To our readers I apologize for not writing a Fishing Report for the last two weeks. Frankly, it's been raining almost continuously between posts. Finally, however it looks like better weather is here. Fishing during the rainy period was almost entirely subsurface nymphs such as the Prince, Hare's Ear and Pheasant Tail along with Caddis Larva were successful along with streamers such as the Black Ghost and Woolly Buggers. I hope to have more Squirmy Worms in the shop this week, enough said. Until Dave McKenna dropped off a new box load, we couldn't keep Tungsten Bead Nymphs in the shop; those Euro-Nymphers are really catching fish in these high water spring conditions. We have a good supply now and will be restocking for the Memorial Day weekend.
This week we also received an interesting contest from Winston Fly Rods. Cast a Winston and anglers will receive a chance to win two Winston rods of their choice. It is a national contest but still worth a try and the Winstons are beautiful rods.
We also have some swag from Scott Fly Rods. They have some of my favorite rod models including the Radian, G-Series and Meridian. We will include a Scott Hat of your choice from our inventory. I know it's a hat but the rods speak for themselves.
Customers have expressed some surprise at the reels we carry including Galvan, Bauer, Ross, Abel, Hatch, Hardy and Redington. Now you know!
This is the time of year when aquatic insects really get going. Look for caddis emergence anytime after 9am and through the early afternoon. March Browns will sporadically hatch at this time and they are large clumsy mayflies that trout will target. Small swarms of Cornuta BWO's also hatch in the late morning. Baetis can hatch in the late morning through the afternoon. I find that the trout will target the large flies if they feel safe and the smaller flies if they are pressured.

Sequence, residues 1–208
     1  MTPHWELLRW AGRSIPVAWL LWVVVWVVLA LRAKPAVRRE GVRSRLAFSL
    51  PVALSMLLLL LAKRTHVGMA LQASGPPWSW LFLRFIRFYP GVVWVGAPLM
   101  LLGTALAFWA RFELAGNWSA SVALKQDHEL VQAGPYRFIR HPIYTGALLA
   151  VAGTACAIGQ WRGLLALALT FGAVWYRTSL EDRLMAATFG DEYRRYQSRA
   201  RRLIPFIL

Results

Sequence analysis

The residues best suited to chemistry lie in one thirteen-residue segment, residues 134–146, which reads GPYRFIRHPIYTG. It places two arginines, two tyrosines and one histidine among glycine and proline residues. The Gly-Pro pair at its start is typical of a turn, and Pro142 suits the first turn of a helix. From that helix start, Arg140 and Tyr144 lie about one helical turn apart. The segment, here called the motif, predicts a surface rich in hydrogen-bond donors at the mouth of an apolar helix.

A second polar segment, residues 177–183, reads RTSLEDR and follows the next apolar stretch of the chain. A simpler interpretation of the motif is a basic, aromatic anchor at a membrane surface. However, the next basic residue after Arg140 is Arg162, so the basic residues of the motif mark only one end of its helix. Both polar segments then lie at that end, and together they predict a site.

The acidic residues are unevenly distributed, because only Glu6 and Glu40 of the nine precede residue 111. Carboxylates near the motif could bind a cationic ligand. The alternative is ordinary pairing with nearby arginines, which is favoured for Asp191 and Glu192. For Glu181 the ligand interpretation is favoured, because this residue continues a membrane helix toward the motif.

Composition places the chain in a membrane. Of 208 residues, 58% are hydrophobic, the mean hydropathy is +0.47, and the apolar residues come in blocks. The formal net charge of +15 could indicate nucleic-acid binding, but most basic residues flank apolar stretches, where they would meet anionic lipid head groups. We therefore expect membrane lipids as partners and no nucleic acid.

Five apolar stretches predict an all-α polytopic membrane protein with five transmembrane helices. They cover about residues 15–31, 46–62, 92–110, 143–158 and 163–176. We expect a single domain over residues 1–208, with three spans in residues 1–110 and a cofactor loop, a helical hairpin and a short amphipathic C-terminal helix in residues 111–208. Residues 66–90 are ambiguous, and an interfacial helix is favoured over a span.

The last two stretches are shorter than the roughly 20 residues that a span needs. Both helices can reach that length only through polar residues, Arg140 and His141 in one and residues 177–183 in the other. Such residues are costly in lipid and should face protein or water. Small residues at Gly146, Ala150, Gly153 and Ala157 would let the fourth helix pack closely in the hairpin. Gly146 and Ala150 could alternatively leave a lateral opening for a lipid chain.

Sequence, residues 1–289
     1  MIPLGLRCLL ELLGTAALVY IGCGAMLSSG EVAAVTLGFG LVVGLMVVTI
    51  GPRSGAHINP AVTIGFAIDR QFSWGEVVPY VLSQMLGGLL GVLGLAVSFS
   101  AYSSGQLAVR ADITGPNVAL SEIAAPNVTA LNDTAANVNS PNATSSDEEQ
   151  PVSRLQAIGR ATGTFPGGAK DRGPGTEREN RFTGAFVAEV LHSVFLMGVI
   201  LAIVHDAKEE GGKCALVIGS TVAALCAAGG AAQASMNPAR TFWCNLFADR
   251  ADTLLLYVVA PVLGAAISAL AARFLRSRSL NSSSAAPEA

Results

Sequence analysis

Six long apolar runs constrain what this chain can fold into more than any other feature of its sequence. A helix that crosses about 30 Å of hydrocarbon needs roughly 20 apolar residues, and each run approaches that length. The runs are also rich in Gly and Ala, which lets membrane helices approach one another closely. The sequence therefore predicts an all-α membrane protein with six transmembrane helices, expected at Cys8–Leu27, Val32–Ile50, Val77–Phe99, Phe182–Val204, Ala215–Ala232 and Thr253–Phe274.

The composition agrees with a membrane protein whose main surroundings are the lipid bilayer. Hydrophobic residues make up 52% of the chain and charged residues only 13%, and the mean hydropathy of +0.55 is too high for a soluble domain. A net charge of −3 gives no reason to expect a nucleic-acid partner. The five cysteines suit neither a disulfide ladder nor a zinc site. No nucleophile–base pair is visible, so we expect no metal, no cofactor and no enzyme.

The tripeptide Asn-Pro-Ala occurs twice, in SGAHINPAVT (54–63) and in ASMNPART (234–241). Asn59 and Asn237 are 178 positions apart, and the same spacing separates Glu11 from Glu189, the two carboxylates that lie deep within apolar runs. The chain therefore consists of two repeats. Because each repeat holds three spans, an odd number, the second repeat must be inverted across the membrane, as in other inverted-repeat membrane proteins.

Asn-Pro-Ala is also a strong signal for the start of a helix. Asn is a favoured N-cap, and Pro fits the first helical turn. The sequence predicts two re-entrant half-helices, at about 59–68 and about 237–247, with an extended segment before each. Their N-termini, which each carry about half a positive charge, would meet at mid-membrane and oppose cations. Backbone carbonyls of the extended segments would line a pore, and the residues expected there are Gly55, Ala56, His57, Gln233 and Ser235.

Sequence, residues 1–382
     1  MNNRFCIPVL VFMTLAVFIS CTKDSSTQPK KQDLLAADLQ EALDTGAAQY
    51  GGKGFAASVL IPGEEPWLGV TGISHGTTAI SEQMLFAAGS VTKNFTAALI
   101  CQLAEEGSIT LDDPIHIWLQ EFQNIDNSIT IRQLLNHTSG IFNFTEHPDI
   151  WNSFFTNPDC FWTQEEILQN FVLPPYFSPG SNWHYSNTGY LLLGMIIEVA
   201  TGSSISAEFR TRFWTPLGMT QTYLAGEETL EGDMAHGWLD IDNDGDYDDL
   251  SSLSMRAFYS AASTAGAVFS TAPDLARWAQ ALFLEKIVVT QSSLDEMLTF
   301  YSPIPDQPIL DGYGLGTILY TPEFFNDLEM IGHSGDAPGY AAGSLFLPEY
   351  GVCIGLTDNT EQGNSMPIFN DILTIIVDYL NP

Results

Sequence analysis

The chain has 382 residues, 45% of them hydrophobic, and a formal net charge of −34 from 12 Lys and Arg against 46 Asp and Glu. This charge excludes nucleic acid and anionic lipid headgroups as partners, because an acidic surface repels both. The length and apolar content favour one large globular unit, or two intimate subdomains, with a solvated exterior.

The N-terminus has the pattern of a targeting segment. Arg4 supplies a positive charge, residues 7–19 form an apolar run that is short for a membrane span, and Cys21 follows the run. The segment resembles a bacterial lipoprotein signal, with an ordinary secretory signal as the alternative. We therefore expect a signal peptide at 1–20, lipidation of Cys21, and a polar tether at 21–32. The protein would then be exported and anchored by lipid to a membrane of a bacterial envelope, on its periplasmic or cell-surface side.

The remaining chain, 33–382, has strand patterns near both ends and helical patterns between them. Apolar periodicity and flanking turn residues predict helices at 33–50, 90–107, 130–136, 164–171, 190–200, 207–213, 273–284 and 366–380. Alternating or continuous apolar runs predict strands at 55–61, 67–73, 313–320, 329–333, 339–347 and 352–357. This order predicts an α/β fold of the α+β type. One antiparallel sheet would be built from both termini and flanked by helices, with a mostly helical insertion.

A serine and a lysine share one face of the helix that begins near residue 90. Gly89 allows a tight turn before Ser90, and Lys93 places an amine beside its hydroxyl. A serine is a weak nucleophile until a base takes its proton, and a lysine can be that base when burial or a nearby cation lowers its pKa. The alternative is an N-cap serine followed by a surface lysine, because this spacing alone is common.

The Sulphur Hatch began this week on area rivers and streams. We had some decent fishing Thursday and through the weekend. I predict better dry fly fishing as water levels drop a bit. There is nothing like fishing this a hatch. It begins after most of us have finished working for the day and the fish don't miss the action unless the water is really high and off color. We believe the cold April and early May have delayed the hatch so expect several weeks of superb dry fly fishing ahead. The larger Sulphur Ephemerella invaria hatches earlier in the late afternoon. Begin by fishing a Sulphur Emerger #14 late in the afternoon and switch over to the dries as conditions dictate. It is common to see fish flashing below the surface. If this is the case, switch to an emerger immediately. They will continue to hatch into the evening to be joined by the Pale Evening Dun, a smaller Sulphur, E. dorothea which will hatch as dusk approaches. Spinners of both species are likely to be in the air and dropping as one or both of the mayflies are hatching at dusk making this truly a "Super Hatch". I've included two of Tim Flagler's videos this week: Les Shannon's Lemon Cahill tied by Matt Grobert and Tim's Sulphur Perdigon a perfect pattern for this spring's unusually high flow conditions.
Local Hatches 5/19/2019:
Morning 9-11 am:
Spotted Sedge Hydropsyche spp. Tan Elk Hair Caddis #14-18, Green Rockworm or JC's Electric Caddis #14-18, LaFontaine's Sparkle Pupa #14-16
Cream Caddis Psilotreta sp. Tan Elk hair Caddis #18
Midday through Late Afternoon 12 noon - 5pm:
Blue Dun Paraleptophlebia johnsoni Adams #14-16, Blue Dun #14-16 Pheasant Tail #14-16
March Brown Maccaffertium vicarium March Brown #12 Hare's Ear or March Brown Nymph #10-12
Large Blue Wing Olive Drunella cornuta BWO #14 Pheasant Tail # 14
Baetis species (Tricaudatus, interclaris, levitans, etc.) Adams Parachute, BWO, 18-20, RS2 #18-20 Pheasant tail #18-20
Sulphur Ephemerella invaria Sulphur #12-14, Sulphur Emerger #14, Len's Sulphur Nymph or Pheasant Tail #12-14
Pale Evening Dun Epherella dorothea Sulphur #16-18, Sulphur Emerger #16-18, Pheasant Tail #16-18